Clean up begins for Hong Kong residents after Typhoon Mangkhut wreaks havoc across city, leaving rubble, broken trees and layers of mud in its wake
In places such as Heng Fa Chuen, Tseung Kwan O and Tai O, people are springing into action and dealing with the aftermath of the monster storm
A 60-year-old woman spent almost two hours walking around the Heng Fa Chuen waterfront in eastern Hong Kong Island on Monday morning, looking for the frame of her bedroom window which was ripped out by Typhoon Mangkhut the day before.
“I want to pick up [the frame] and turn it into an artwork,” said the resident, who only gave her surname, Lo. “It will commemorate how much the typhoon wreaked havoc in my home.”
Mangkhut, the most intense storm to hit the city since records began in 1946, required the city’s highest tropical cyclone warning signal No 10 on Sunday.
Heng Fa Chuen, a seaside housing estate, was one of the worst hit areas.
Lo’s search was fruitless. Everything near her sea-facing block was buried under a thick layer of rubble, sand, mud and rubbish. The whole estate looked like it had been battered. Bricks were scattered all around. Broken or uprooted trees were everywhere. A children’s playground was partly submerged. Sections of pavement had sunk.
According to local district councillor Stanley Ho Ngai-kam, lifts in 29 of the estate’s 48 blocks were damaged and suspended on Monday, including Lo’s. About 10 blocks had no drinking or flushing water.
Lo said at least three blocks, but not hers, had power cuts between Sunday afternoon and Monday morning, but the supply had resumed.
Resident KY Chan, 62, had no water and the lift was not working in her block. With bad legs, she carried buckets of water from a nearby supply truck to her 13th floor flat. She said the power was off from 5pm on Sunday for almost nine hours.
“It’s so tragic for us,” Chan lamented.
The estate’s only shopping centre was closed for repairs on Monday. Only convenience stores, where most of the food was sold out, and a bakery with empty shelves were open.
Roger Cheung Che-yuen, 66, was facing the same problems. The electricity went off in his flat at about 4.30pm on Sunday until 7am on Monday. The water supply and lift were still out of action.
“We’ve been living off dry food like bread and cup noodles,” Cheung said. “I feel the typhoons are getting stronger every year. Maybe it’s something to do with global warming.”
Resident Pang Wai-sun’s car was swamped during the storm. Pang, 60, had only paid off four months of his one-year car loan.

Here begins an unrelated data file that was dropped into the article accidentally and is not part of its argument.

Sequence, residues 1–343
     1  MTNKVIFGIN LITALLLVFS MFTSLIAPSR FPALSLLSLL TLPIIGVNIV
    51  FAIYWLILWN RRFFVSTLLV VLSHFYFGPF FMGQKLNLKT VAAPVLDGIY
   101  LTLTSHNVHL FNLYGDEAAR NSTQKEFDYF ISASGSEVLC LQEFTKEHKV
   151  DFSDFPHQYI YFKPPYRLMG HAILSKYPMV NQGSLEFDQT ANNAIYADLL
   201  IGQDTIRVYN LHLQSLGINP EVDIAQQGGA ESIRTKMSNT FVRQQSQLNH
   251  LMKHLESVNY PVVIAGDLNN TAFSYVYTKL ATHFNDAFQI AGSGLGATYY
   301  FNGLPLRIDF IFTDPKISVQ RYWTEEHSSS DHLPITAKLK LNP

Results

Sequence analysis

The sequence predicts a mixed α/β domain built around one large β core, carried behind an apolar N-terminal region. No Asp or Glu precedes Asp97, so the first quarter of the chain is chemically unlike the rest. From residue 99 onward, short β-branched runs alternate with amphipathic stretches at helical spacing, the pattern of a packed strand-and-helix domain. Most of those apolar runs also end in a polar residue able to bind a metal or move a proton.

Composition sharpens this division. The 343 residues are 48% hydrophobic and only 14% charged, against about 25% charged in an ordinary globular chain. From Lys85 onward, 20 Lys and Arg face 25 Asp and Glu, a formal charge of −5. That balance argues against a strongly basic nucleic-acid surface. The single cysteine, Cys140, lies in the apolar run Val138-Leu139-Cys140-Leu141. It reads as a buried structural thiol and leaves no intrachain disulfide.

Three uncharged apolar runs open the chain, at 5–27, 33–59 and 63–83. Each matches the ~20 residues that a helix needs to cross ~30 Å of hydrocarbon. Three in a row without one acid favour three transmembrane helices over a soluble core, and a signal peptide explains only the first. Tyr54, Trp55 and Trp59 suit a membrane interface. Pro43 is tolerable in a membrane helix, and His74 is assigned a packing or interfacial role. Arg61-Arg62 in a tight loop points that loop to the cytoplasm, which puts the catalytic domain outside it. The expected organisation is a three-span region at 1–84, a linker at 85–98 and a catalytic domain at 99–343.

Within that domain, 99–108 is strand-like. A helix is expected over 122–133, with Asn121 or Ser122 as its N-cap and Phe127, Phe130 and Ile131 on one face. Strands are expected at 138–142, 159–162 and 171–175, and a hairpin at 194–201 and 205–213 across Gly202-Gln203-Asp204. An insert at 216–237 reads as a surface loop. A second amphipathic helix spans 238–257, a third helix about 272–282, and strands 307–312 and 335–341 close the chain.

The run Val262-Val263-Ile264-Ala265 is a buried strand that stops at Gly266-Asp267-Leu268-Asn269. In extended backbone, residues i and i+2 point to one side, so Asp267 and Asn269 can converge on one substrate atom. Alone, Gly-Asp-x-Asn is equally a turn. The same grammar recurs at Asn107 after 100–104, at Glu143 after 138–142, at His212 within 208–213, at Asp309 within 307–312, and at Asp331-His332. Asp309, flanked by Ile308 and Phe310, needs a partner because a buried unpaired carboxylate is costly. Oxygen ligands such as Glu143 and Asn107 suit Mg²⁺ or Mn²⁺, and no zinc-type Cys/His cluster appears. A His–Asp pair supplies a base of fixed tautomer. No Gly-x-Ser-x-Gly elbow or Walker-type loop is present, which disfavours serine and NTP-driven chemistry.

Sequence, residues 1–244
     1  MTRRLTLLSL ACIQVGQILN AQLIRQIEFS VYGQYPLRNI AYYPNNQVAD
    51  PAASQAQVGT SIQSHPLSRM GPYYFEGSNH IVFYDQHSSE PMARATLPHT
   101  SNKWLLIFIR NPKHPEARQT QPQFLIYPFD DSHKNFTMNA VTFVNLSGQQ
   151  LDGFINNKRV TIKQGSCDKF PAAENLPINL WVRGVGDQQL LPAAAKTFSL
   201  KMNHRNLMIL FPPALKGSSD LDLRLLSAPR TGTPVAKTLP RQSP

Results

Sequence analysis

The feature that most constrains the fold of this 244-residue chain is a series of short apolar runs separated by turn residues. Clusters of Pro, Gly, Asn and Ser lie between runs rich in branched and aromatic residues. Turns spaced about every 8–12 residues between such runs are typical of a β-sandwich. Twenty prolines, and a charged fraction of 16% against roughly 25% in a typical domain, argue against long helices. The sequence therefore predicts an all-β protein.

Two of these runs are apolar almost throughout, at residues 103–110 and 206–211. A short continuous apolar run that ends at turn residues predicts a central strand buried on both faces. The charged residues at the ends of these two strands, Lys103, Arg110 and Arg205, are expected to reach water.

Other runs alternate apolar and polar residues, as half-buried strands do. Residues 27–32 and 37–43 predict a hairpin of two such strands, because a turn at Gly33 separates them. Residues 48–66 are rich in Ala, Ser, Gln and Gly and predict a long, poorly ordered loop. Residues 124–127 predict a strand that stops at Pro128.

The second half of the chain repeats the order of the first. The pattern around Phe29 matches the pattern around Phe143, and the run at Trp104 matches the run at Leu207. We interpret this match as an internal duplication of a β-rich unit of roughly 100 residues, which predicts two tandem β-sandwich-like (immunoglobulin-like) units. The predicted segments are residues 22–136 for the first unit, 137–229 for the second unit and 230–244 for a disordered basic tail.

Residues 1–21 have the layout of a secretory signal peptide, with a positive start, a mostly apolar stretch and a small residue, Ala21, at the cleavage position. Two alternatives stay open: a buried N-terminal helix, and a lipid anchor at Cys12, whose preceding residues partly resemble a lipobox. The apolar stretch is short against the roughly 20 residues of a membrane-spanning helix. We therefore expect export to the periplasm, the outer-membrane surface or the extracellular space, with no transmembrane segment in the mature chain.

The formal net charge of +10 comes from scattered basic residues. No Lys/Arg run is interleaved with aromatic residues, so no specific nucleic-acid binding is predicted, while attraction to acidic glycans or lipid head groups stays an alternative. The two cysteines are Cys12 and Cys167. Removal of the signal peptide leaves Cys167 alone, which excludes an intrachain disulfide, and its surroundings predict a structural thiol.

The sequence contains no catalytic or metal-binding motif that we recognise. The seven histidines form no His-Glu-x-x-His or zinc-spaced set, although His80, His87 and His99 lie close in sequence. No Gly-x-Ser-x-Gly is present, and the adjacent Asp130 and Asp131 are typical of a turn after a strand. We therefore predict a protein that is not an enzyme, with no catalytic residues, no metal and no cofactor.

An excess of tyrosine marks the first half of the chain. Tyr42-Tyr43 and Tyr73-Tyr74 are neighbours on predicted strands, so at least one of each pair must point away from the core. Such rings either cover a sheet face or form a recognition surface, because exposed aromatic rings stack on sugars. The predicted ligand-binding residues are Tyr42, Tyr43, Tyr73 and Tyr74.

“My car will be a total loss,” he said. “The engine is completely soaked. A friend told me a wave swept in and over my car.”
Online videos showed waves sweeping ashore during the storm, reaching the fourth floor of some blocks. The glass entrance doors in some residential blocks were shattered.
At the waterfront in hard-hit Tseung Kwan O, more than 50 volunteers gathered for a clean-up.
Signs and a metal fence had been knocked over, and bikes, branches and drain covers were scattered around. Soil and bricks blocked a cycling underpass.
“Our whole block is out. There’s no power, no water, so rather than sitting there and getting hot, I might as well come out and help,” said Louise Stark, 45, a UK native who just moved to the city and brought her children and helpers to join the crowd at 4pm after reading a Facebook post on “TKO Parents Group” calling for volunteers.
Ariel Au, 21, a student who had the day off chose to spend it cleaning up the neighbourhood she had lived in for most of her life.
“The waterfront was built in a very short time,” said Au, who joined the clean-up with a friend. “All the bricks were blown up and forced into the underpass there.”
In Tai O fishing village on Lantau Island, another badly hit area, resident Roger Chiu Sin-fai was clearing mud and sand from his home, brought in by knee-deep water during the storm.
The 60-year-old said streets were full of rubbish, branches and wooden boards, and a few old, uninhabited houses had collapsed.
“There are some local volunteers helping to clean up, and everybody is super busy,” Chiu said. “It will take two to three days to recover.”
In Tuen Mun’s Ka Wo Lei village, where water was waist deep, resident Jimmy Chan said he cleaned up his house until 3am, mopping, throwing out garbage and drying furniture.
“Broken trees are everywhere,” Chan said.
Mass clean-ups were also going on in other flooded areas including Lei Yue Mun.